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The Comfort of Strangers [Paperback]

J.K.Rowling
3.5 out of 5 stars  See all reviews (24 customer reviews)

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Most helpful customer reviews
5.0 out of 5 stars Good Early McEwan June 10 2003
Format:Hardcover
Many of the trademarks we have come to expect in McEwan novels are already here in this early novel published in the U. S. in 1981, the ironic title, the complexity, the psychological tension, the ambiguities, the questions left unanswered. I was handicapped in reading this novel in that I had already seen the movie so it was impossible not to see Rupert Everett and Natasha Richardson getting lost in those maze-like alleys in Venice. (Nowhere in this slim novel, however, does McEwan name the city where the sinister action takes place.} On the other hand, since I knew the outcome, I could look for and admire the clues the author gives as to what will happen. McEwan does an excellent job of setting the tone for what ultimately occurs early in the novel. As early as page 17: "Colin and Mary had never left the hotel so late, and Mary was to attribute much of what followed to this fact." There are lots of references to the sexual tension between men and women in addition to many homoerotic allusions throughout the book that prepare you, at least in part, for the shattering climax of this horrific little novel.
McEwan always gives the reader a story that appeals both to the intellect and the emotions. As usual, he doesn't disappoint us. One of the joys of living in these times is awaiting a new McEwan novel.
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5.0 out of 5 stars ~The Comfort of Strangers....or was it???~ May 28 2002
By *Q*
Format:Paperback
.............Wow, what a wild ride this was.
It's about Mary and Colin, a dating couple in a stale 7 year relationship. While on vacation in an un-named location, which you are never told where they are but you know they are amongst lots of other tourists, open air cafe's by the ocean, narrow cobble stone streets, ruins and assorted attractions.
One night the couple set out to have a late dinner and become lost. A strange but friendly man named Robert comes to their rescue or so it seems......Robert takes them to a bar which has no food and gets them drunk as he tells them stories about his childhood and his wife Caroline.
Later they run into Robert again and he invites them to his home so he can make up for the other night promising to feed them and introduce them to his wife. That's when ........it all begins........!
I will not give any more away, but Mary and Colin end up recapturing their love only to find themselves involved in something like the "Twilight Zone". I could not put this book down. The ending will amaze you!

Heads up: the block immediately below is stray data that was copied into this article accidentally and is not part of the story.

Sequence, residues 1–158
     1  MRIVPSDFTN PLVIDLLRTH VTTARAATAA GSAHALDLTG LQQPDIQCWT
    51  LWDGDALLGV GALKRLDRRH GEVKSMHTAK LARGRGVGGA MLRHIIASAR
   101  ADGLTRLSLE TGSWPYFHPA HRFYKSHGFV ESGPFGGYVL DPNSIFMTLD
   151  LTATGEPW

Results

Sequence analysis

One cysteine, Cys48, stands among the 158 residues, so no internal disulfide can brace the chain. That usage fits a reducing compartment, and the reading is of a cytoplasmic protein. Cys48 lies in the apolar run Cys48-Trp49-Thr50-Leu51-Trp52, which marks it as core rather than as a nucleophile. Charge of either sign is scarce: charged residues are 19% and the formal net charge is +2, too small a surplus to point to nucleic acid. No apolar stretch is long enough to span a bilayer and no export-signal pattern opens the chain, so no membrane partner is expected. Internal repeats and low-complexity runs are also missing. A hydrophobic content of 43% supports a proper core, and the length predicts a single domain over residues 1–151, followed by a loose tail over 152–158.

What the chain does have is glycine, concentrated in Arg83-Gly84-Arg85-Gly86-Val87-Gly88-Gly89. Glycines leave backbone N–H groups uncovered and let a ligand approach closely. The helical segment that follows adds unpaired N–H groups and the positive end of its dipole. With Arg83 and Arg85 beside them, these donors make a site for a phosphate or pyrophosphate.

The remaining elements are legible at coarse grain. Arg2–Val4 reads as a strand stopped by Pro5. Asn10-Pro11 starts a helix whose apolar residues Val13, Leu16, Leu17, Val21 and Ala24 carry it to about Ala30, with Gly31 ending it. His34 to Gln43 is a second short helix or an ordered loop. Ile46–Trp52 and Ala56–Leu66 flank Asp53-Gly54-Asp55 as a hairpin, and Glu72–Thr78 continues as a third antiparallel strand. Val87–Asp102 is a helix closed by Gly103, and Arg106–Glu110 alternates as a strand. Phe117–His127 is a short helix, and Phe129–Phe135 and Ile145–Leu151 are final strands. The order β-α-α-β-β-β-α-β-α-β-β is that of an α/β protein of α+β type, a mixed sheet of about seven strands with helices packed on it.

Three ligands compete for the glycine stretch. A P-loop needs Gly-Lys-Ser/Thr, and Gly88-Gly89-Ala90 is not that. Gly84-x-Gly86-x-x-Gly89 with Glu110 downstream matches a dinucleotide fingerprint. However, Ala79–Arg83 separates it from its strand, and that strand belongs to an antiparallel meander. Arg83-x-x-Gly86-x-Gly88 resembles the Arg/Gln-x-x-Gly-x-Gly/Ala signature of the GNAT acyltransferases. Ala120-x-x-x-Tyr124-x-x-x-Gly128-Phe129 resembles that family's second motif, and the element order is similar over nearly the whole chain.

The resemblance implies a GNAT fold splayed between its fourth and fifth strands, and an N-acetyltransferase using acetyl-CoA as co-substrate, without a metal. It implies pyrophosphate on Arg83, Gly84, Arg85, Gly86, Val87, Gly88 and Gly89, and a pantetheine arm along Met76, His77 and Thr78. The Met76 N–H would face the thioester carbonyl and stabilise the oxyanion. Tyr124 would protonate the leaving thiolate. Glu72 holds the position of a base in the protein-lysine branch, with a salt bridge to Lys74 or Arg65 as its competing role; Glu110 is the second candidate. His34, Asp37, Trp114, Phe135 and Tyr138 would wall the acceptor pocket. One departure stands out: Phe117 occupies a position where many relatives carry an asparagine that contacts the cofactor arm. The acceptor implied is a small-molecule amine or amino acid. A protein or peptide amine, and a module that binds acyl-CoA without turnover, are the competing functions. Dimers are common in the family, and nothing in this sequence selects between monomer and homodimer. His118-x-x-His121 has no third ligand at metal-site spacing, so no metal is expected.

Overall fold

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3.0 out of 5 stars hence, the time zone rule Nov. 4 2001
Format:Paperback
That James M. Cain was a genius is never more evident than when you watch other authors try to make a character's participation in his own degradation and his eager embrace of certain doom seem plausible. In Ian McEwan's Comfort of Strangers, an unhappy British couple, Colin and Mary, are in the moidst of a perfectly horrid vacation in Venice when they meet Robert, a cheesy seeming, imitation disco king, Eurotrash, local bar owner. He takes them under his wing and tells them the brutal but very amusing story of growing up with a domineering father who favors him and several bitterly jealous sisters. Later he takes them back to meet his rather ephemeral, somewhat crippled wife, who tells them, as they are leaving, that she is Robert's prisoner.
For no apparent reason, this encounter rekindles the passion between Colin and Mary, though they studiously avoid discussing the episode and seek to avoid any subsequent meetings with Robert. Inevitably, they do eventually see him again and the results are predictably ugly.
Stories like this one, which require the reader to suspend disbelief as the actors venture further and further into the abyss are extremely hard to pull off, so it's not surprising that McEwan doesn't quite manage it. First off, Colin and Mary are so unsympathetic that, as in The Sheltering Sky which it in some ways resembles, we eagerly await the tourists getting their just desserts. More troubling, Robert, despite his one captivating story, is so obviously shady that Colin and Mary seem totally stupid for getting involved with him. An author can get away with making his characters naive, but at the point where the reader is yelling at them and calling them idiots for following along with the novel's plot, that author has lost control of his own narrative.